You are brave, courageous and beautiful!!! I got my second shot yesterday. We still have to be careful though. Mainly because so many are refusing any dose and some who signed up for the second aren’t following through.

    At least with most of the elder pod vaccinated we’ll be able to celebrate with some small family gatherings for some up coming late spring and early summer birthdays for the grands.

    I’ve actually got a road trip – traveling with hubby on business this summer. One of those – he works, I play 😉

    Continued success in all your adventures and ventures (((HUGS)))
    I’ll be back later… hopefully sooner, with some fiction. ~Jules

    Liked by 6 people

  10. PS.
    Charli I really liked your flash, the perspective of Jack, the escape for them both.
    And so glad to see so much celebration planned. Of course! It has been a long road. Step aside for a moment, dust off, dance.

    Liked by 3 people

  11. […] The Carrot Ranch Challenge:In 99 words (no more, no less), write a story using the phrase, “hit the road, Jack.” […]

    Liked by 2 people

  12. ceayr says:

    I submitted my tale, not sure if it’s supposed to go here too, but…

    The Bully – Carrot Ranch

    Liked by 7 people

    • Charli Mills says:

      Thanks for your submission! Glad to have you at Carrot Ranch. If you want to be in the published weekly collection, submit through the form. You can share your story here or in a linkback if you want to connect with other writers. Visit a few blogs or posted stories if you want to meet and connect. We have a great group of writers and readers here.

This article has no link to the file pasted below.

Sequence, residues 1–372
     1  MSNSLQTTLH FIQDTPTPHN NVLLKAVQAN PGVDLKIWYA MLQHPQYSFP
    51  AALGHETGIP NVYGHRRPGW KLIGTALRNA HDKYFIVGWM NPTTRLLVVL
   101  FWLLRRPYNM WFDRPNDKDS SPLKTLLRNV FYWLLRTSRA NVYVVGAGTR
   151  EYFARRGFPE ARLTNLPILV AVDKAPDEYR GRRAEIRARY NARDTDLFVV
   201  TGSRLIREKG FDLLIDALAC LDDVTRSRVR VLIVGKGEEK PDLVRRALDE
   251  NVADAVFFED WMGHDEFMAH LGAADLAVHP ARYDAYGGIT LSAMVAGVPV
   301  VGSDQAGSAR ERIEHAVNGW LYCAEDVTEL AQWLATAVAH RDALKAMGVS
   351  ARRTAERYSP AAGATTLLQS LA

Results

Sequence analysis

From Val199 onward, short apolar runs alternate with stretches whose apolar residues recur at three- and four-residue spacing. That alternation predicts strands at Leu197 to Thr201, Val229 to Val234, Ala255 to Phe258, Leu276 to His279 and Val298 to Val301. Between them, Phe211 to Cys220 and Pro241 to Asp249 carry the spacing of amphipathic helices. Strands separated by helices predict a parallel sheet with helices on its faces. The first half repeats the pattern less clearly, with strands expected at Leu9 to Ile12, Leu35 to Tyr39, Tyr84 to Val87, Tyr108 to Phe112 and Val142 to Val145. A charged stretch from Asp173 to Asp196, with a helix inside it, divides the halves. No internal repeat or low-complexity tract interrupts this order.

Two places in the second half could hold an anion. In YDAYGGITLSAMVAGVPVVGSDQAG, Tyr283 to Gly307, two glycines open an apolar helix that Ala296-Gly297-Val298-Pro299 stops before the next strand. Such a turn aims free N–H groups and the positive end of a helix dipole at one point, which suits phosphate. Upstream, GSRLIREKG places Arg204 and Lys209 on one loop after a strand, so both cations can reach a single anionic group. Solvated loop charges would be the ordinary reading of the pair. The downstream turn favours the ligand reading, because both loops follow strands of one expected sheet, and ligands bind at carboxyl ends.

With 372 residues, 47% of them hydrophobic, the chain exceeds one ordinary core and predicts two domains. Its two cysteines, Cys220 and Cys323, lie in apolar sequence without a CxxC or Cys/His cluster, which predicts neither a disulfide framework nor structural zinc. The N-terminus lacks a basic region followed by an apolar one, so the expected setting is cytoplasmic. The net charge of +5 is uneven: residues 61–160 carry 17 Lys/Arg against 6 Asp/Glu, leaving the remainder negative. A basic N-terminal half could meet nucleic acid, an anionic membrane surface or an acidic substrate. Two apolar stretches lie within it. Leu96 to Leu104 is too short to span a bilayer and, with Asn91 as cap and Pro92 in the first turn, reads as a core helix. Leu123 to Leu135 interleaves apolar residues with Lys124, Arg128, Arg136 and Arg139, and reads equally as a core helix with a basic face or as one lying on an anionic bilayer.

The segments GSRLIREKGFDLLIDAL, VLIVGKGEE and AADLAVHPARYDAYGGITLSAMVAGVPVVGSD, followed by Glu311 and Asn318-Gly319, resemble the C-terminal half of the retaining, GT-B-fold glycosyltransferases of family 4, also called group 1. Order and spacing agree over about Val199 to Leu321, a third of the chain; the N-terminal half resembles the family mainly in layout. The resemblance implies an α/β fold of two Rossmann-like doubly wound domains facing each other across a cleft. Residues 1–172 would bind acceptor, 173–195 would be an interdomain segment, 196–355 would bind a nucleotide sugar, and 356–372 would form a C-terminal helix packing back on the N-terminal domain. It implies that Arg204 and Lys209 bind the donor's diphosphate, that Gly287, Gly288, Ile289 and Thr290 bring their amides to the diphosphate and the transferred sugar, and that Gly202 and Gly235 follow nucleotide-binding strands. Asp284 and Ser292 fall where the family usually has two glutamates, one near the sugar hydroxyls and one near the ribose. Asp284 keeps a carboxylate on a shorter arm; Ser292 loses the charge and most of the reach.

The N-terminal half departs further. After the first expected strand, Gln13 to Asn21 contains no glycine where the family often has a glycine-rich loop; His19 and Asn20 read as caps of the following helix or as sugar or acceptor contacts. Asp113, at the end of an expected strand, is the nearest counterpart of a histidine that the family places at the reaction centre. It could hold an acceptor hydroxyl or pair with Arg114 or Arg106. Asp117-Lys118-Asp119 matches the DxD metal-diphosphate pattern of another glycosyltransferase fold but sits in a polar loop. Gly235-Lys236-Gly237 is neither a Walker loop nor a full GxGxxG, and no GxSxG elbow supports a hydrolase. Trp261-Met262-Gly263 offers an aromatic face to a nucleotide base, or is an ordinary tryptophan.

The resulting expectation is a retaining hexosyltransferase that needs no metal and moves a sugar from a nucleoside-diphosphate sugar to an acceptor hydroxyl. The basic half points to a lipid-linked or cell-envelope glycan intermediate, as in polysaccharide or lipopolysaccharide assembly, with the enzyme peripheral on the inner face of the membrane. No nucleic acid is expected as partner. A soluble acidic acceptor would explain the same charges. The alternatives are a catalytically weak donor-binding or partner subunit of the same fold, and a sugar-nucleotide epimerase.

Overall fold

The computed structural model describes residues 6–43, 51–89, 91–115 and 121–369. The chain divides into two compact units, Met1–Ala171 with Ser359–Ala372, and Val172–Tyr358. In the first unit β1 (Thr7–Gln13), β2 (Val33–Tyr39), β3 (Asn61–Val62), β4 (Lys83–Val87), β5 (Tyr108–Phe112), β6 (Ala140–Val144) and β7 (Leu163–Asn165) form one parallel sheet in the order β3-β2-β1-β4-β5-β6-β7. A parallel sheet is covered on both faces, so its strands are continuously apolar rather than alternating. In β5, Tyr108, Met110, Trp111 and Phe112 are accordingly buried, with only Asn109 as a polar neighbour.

Like

  13. denmaniacs4 says:

    Actually, Charli, I still know Jack…and this version is somewhat edited from the piece you may circulate…

    I Once Knew Jack

    I still count on my fingers,
    my pleasures and my pains.
    and though each of them lingers,
    the fine point of memory wanes.

    In the dark of evening’s decline,
    sun dimming its luminous light,
    shadows offer a somber shrine,
    as all I am slips into the night.

    And there, entranced by the dark,
    as silent as shadows can be,
    I reflect on my lifelines arc,
    the way time has had with me.

    Poems come quite easily to me,
    though I am a bit of a hack.
    Still, I offer this assigned poesy,
    that expires with, “Hit the road, Jack”.

    http://www.engleson.ca

    Liked by 8 people

  14. […] words – no more, no less. This week’s challenge is to write with the prompt of “hit the road, Jack. […]

    Liked by 4 people

  15. […] Sentence Story. The prompt word is pawn, and I almost let the living chess idea go, but then the Carrot Ranch prompt to use the phrase “hit the road jack” was the extra impetus for the following six-sentence […]